When run in continuous mode, the reactants are fed through a catalyst at a liquid space velocity (LSV) of between about 0.01 and 30 h−1, preferably between about 0.1 and 20 h−1.
In addition to the alkene and isoalkane reactants, the reaction mixture can include water or a C1-4 alcohol. These reactants can increase the alkene conversion and provide higher yields of branched isoalkanes.
The reaction products (higher molecular weight isoalkanes) can be separated from the reactants, for example via distillation. Unreacted starting materials can be recycled, and the product separated from by-products, which tend to be high molecular weight compounds, by distillation.
The products of the reaction are highly branched isoalkanes, typically C7-9 isoalkanes. For example, the reaction of isobutane with a mixture of butenes produces trimethyl pentane, among other products. Trimethyl pentane can be used as a component of a high-octane gasoline composition.
The resulting C6+ paraffins can be used to form a variety of products. For example, the C6+ product stream can also be used as. Alternatively, The C6+ product stream can be isomerized, particularly for use in gasoline compositions. When the C6+ fraction resulting from the molecular redistribution stage is isomerized, the product has methyl branches, thus improving its octane value. This can be particularly preferred when preparing fuel compositions where a high octane is desired.
Isomerization processes are typically carried out at a temperature between 200° F. and 700° F., preferably 300° F. to 550° F., with a liquid hourly space velocity between 0.1 and 2, preferably between 0.25 and 0.50. Hydrogen is employed such that the mole ratio of hydrogen to hydrocarbon is between 1:1 and 5:1. Catalysts useful for isomerization processes are generally bifunctional catalysts that include a hydrogenation component (preferably selected from the Group VIII metals of the Periodic Table of the Elements, and more preferably selected from the group consisting of nickel, platinum, palladium and mixtures thereof) and an acid component. Examples of an acid component useful in the preferred isomerization catalyst include a crystalline zeolite, a halogenated alumina component, or a silica-alumina component. Such paraffin isomerization catalysts are well known in the art.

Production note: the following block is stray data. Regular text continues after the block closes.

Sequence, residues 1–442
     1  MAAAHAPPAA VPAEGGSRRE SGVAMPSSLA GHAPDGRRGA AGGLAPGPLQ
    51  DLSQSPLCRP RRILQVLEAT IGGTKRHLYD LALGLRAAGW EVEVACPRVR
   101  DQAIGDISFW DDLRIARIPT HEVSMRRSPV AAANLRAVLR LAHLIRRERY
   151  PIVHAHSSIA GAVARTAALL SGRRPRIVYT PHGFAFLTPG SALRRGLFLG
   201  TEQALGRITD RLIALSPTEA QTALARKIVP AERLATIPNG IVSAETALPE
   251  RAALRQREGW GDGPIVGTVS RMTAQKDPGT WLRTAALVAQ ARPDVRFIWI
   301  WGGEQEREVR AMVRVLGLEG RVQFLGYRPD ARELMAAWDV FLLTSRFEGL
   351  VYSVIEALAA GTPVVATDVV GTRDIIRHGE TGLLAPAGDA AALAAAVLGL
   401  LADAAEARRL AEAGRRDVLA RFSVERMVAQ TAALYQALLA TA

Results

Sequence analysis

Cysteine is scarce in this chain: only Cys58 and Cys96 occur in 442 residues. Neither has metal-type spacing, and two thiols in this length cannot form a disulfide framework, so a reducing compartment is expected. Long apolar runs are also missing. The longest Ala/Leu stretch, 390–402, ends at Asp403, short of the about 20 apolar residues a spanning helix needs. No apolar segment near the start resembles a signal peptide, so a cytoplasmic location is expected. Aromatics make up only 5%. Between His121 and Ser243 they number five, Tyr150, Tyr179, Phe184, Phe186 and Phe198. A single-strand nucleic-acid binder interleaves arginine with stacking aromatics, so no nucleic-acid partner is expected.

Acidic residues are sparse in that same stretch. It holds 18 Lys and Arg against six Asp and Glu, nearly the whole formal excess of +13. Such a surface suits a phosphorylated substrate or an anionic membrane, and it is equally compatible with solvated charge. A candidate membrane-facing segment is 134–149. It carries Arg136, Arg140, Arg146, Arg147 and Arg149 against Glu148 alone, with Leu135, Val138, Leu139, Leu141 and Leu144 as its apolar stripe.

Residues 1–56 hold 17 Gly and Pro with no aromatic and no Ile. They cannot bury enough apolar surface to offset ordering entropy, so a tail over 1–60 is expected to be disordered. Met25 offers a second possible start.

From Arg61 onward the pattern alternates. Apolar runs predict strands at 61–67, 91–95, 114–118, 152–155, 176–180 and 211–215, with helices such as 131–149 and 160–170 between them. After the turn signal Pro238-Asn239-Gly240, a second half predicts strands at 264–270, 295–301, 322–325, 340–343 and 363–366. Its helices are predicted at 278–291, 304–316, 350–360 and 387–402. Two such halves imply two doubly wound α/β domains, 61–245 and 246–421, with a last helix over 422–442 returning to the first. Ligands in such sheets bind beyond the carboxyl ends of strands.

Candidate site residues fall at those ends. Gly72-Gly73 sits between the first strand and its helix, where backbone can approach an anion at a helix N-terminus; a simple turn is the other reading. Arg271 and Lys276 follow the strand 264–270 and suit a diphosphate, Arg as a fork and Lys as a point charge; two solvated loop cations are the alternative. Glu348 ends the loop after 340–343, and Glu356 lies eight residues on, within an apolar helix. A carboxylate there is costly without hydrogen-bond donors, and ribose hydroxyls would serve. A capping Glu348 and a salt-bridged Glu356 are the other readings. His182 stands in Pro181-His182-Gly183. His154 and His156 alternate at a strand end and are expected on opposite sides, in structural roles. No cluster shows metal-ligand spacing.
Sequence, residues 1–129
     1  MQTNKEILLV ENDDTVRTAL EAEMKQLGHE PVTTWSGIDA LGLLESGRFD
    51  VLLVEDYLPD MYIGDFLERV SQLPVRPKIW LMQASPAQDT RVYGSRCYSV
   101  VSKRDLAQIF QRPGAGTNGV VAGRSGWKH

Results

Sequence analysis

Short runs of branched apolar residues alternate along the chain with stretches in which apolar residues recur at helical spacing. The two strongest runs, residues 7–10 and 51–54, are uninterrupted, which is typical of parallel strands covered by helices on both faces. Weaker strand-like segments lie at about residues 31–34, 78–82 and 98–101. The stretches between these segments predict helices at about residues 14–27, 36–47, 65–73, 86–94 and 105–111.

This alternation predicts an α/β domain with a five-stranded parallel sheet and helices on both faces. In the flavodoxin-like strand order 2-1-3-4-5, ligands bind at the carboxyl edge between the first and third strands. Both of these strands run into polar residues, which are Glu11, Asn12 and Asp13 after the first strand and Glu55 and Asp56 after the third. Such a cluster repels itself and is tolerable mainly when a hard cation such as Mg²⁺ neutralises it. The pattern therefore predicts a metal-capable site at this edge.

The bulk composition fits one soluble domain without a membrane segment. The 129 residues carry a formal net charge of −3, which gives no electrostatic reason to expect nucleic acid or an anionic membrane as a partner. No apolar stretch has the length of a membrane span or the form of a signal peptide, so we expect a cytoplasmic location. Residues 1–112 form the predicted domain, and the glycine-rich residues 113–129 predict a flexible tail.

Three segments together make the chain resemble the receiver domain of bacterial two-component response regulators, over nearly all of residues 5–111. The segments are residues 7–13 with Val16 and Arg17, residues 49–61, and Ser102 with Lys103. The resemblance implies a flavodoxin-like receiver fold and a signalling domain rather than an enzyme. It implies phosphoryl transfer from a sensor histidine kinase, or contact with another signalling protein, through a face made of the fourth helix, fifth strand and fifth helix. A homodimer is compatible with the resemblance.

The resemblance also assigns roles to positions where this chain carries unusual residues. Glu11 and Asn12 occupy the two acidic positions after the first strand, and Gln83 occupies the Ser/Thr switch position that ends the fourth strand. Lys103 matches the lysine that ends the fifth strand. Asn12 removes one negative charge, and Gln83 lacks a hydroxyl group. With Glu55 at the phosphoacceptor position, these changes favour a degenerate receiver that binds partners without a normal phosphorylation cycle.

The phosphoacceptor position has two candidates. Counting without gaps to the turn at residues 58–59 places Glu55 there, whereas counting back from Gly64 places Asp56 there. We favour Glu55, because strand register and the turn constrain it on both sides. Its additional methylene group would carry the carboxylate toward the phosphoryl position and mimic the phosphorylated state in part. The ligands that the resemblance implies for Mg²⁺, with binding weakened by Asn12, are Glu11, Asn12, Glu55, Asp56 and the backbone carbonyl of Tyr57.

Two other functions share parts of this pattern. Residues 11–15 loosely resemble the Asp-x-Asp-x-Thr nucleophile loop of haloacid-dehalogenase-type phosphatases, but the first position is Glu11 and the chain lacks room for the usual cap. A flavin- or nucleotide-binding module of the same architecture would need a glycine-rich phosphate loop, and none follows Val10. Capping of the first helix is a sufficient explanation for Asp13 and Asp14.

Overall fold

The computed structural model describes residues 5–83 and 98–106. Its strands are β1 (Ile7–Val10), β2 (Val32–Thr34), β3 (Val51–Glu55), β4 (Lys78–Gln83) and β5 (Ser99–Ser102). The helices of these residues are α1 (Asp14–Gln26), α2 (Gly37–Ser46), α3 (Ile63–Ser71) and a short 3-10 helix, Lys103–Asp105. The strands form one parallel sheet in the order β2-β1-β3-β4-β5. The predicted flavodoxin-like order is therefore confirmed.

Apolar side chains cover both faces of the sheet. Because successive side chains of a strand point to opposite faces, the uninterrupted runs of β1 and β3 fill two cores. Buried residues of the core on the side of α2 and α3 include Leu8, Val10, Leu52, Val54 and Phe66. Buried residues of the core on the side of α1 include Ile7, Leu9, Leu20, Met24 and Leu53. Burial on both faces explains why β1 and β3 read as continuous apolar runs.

Other Processes for Altering the C6+ Product Stream
In a preferred embodiment, at least a portion of the C6+ product stream is reformed, for example using reforming conditions, to form aromatic products. Reforming is a complex process and involves a number of competing processes or reaction sequences. These include dehydrogenation of cyclohexanes to aromatics, dehydroisomerization of alkylcyclopentanes to aromatics, and dehydrocyclization of acyclic hydrocarbons to aromatic. The hydrocracking of paraffins to light products boiling outside the gasoline range and the dealkylation of alkylbenzenes are undesirable reactions in reforming processes. As the C6+ product stream includes predominantly acyclic paraffins, the major reforming reaction is dehydrocyclization.
Conditions suitable for reforming C6+ product streams are well known in the art. Representative reforming processes include the AROMAX™ process and platforming or rheniforming processes. The AROMAX™ process is well known to those of skill in the art, and is described, for example, in Petroleum & Petrochemical International, Volume 12, No. 12, pages 65 to 68 (1972). Rheniforming processes are also well known to those of skill in the art, and are described, for example, in U.S. Pat. No. 3,415,737, the contents of which are hereby incorporated by reference. The conventional reforming processes all tend to use catalysts that contain Pt and alumina, and frequently contain other elements such as rhenium, iridium, chlorine, fluorine and combinations thereof. Conventional platforming and rheniforming conditions may be preferred for C7+ feedstocks, as they provide high yields and the catalysts are relatively stable. The AROMAX™ process is preferred for C6-7 feedstocks, and tends to give relatively high product yields.